Now we have our preprocessed flower image TFRecords ready for training.

Single Node – Multiple GPUs
The next step is to take this input dataset and train a model with it. We will be using the Inception v3 DNN architecture from the tensorflow/models repository as mentioned above. Training on a single node with multiple GPUs looks something like this:


We will first create a Rescale job that runs on a single node, since that has fewer moving parts than the multi-node case. We will actually run 3 processes in the job:

  • Main GPU-based model training
  • CPU-based evaluation of checkpointed models on the validation set
  • TensorBoard visualization tool

So let’s get started! First build the training and evaluation scripts.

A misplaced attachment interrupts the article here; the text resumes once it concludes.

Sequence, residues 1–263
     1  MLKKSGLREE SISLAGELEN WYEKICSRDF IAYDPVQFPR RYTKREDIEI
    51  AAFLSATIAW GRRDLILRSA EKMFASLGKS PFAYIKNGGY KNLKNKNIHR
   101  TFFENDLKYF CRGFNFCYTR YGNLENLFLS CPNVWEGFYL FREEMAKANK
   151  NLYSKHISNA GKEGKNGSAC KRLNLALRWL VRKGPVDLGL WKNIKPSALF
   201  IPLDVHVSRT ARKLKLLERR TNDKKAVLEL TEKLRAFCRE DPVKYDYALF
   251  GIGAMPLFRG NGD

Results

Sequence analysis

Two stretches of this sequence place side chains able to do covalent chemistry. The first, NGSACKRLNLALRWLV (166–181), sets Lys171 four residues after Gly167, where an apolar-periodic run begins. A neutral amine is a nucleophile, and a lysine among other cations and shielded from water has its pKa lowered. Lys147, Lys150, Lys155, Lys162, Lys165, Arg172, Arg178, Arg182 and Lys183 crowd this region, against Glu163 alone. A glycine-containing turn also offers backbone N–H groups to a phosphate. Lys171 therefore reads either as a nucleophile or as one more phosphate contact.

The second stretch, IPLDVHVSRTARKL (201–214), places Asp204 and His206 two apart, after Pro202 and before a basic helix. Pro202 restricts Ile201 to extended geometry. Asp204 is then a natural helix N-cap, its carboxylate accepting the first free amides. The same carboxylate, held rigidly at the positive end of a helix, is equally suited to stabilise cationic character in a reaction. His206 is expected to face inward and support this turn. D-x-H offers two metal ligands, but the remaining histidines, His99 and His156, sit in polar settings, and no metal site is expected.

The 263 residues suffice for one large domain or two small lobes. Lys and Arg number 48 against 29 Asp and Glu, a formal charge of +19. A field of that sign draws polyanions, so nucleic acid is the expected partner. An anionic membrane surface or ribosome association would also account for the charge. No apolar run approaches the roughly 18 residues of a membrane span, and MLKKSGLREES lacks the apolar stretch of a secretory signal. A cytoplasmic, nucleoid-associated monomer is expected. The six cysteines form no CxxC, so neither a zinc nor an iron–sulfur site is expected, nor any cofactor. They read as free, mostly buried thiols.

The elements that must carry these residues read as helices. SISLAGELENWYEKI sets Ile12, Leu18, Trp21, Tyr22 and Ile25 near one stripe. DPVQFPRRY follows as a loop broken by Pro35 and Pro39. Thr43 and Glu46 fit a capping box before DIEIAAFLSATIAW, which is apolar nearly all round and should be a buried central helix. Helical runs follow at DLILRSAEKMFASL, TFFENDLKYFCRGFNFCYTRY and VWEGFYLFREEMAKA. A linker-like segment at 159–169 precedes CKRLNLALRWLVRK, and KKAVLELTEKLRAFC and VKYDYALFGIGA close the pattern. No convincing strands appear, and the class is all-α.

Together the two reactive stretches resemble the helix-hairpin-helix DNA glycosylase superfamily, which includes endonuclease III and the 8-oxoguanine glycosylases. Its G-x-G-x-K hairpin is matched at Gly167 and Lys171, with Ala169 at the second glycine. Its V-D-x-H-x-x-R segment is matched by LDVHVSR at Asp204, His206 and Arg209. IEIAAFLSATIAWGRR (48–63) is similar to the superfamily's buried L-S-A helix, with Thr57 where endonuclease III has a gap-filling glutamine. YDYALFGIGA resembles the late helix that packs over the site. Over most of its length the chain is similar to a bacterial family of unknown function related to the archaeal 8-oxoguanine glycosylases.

Next, create some output directories and start the main training process: 

$RESCALE_GPUS_PER_SLOT is a variable set on all Rescale job environments. In this command line, we point to the flowers directory with our training images and the empty out/train directory where TensorFlow will output logs and models files.

Evaluation of accuracy on the validation set can be done separately and does not need GPU acceleration:

imagenet_eval sits in a loop and wakes up every eval_interval_secs to evaluate the accuracy of the most recently trained model checkpoint in out/train against validation TFRecords in the flowers directory. Accuracy results are logged to out/eval. CUDA_VISIBLE_DEVICES is an important parameter here. TensorFlow will by default always load itself into GPU memory, even if it is not going to make use of the GPU. Without this parameter, both the training and evaluation processes will together exhaust all the memory on the GPU and cause the training to fail.